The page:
What do Interlocking Pavers Do?

interlocking paversInterlocking pavers are a common substitute for poured concrete or asphalt when laying down driveways and sidewalks.  Composed of many separate stones that are laid down in uniform patterns and held in place by a binding medium such as sand, driveways and sidewalks made of interlocking pavers are much stronger than those made of poured concrete.  This is due to the composition of each individual paver as well as their intertwining connections to each other.  If you’re asking the question, “What do interlocking pavers do? or why you should consider them over poured concrete, check out this list.

Durability

As mentioned in the introduction, interlocking pavers have a much higher degree of durability when compared with poured concrete.  The spaces between each paver are key to the strength of the area overall.  Pavers are not set into a solid foundation such as mortar.  Instead they’re placed in sand or another fine material that allows for slight movements.  These minute movements allow the pavers to expand and contract in heat and cold without cracking.  It’s also these spaces between each paver that allows heavy weight to be distributed evenly across the surface without putting undue pressure on any one spot.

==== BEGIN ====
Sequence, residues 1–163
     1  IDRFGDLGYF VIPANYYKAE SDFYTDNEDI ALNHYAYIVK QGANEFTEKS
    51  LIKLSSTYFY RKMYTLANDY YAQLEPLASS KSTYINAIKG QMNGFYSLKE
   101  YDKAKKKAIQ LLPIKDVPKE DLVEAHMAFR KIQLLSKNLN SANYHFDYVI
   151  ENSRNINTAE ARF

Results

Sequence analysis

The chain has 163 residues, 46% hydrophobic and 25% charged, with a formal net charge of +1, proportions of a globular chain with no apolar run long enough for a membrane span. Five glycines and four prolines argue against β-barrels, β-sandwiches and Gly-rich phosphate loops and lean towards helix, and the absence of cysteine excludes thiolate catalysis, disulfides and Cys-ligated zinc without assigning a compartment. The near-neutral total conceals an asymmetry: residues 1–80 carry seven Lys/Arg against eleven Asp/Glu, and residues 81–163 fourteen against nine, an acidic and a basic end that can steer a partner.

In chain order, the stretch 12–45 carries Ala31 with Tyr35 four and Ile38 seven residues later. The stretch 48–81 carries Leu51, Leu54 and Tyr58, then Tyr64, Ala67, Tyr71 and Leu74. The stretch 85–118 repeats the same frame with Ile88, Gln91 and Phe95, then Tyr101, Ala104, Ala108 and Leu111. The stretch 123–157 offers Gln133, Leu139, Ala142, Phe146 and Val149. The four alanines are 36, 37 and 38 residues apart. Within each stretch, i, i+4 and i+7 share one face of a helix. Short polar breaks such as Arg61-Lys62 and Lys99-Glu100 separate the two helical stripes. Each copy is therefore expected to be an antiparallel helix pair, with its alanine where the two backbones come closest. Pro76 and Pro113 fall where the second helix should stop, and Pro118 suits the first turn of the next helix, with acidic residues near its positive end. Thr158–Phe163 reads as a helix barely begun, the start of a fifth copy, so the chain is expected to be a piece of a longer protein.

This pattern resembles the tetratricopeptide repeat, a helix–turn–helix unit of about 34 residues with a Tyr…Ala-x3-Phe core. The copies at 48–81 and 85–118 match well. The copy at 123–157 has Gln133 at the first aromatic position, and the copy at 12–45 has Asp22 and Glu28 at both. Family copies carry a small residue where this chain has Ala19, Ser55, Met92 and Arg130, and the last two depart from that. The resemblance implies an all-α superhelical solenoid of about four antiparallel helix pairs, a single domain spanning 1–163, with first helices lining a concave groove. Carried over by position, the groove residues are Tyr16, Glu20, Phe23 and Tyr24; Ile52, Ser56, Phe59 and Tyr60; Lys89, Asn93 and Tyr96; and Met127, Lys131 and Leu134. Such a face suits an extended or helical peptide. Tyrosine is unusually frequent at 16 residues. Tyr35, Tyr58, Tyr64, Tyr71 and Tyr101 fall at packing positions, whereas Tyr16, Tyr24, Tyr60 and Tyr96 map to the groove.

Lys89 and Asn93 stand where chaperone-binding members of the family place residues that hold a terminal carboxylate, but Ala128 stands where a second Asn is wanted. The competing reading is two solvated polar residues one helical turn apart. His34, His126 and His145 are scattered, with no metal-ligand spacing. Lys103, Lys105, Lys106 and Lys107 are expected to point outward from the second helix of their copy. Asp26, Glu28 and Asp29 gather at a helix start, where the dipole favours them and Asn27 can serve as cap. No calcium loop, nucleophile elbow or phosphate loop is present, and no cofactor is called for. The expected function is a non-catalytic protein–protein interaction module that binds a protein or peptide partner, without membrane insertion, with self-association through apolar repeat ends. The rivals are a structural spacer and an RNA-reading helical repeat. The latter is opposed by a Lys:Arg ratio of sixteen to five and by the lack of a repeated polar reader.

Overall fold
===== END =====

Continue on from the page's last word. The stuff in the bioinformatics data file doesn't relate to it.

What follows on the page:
Repairs

If a poured concrete pad gets cracked, eventually you’ll have to replace the entire pad.  When a paver stone becomes cracked, it’s easy to replace the paver that’s cracked.  This negates the need to replace the entire surface.  It’s simply a matter of removing the damaged paver and replacing it with a new one.   

Aesthetics

Interlocking pavers can be laid out in any number of creative ways.  This allows the design of the sidewalk or driveway to be limited only by the imagination.  Interlocking pavers come in all sorts of sizes, shapes and colours, something that can’t be said for poured concrete or asphalt.

Permeability

Because of the spaces between interlocking pavers, they create a permeable surface that allows water to seep through and be absorbed into the ground.  This reduces the runoff associated with flat tops composed of poured concrete and asphalt.